July 31, 2016—September 10 , 2016
Kristan Marvell’s abstract, sculptural forms are about motion, gesture, and time. They are often seen as tectonic and geological, but its strengths lie in the contrast between the power of the tectonic and soft figurative. Kristan’s unique hot wire carving method allows for the improvisational removal of material which he refers to as spontaneous carving.
Steve Schmidt’s “Gyres” series reincarnates plastic castoffs of our consumer culture into minimalist sculptural forms which transcend their disposability. The title “Gyre” refers to the whirling vortex of plastic that’s trapped in the currents of the North Pacific, better known as the Great Pacific Garbage Patch.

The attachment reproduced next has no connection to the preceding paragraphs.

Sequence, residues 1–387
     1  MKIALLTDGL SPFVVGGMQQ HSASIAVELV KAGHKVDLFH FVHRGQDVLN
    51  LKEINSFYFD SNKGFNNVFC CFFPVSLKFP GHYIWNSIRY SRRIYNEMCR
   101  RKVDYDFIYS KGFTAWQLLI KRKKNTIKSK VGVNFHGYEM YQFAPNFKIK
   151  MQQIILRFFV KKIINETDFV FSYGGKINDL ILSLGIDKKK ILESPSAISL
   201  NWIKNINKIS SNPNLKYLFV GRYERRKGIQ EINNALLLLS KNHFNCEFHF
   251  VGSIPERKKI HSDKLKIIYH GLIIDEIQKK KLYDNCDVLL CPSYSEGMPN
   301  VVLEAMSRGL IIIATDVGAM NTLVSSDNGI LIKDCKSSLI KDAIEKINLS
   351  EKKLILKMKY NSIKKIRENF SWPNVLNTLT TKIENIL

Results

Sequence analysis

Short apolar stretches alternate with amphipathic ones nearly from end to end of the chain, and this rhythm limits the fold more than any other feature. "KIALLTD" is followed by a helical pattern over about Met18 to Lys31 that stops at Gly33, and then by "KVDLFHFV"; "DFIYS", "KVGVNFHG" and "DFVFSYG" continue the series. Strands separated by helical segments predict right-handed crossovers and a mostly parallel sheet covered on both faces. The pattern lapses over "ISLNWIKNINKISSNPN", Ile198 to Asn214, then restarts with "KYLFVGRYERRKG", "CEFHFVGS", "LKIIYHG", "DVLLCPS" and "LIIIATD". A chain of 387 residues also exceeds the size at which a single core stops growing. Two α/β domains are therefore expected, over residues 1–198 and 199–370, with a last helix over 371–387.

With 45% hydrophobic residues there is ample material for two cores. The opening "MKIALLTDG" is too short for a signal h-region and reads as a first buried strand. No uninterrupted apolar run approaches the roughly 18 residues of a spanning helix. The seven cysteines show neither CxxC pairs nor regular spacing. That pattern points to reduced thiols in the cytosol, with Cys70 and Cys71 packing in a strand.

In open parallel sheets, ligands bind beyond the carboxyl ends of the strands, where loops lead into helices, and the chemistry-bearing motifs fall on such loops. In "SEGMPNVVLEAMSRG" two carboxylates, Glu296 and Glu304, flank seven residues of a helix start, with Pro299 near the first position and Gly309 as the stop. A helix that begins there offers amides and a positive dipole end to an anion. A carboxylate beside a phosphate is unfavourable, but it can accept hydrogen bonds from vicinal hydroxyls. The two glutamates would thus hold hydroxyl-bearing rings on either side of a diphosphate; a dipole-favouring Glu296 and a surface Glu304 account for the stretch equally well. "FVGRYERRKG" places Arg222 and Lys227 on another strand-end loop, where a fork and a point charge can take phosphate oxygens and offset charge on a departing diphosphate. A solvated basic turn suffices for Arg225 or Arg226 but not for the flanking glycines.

Ann Weber’s work reads as metaphors for life experiences, such as the balancing acts that define our lives. Her large organic sculptures are created from woven strips of cardboard. Ultimately, Weber’s interests lie in expanding the possibilities of making beauty from common and mundane material.
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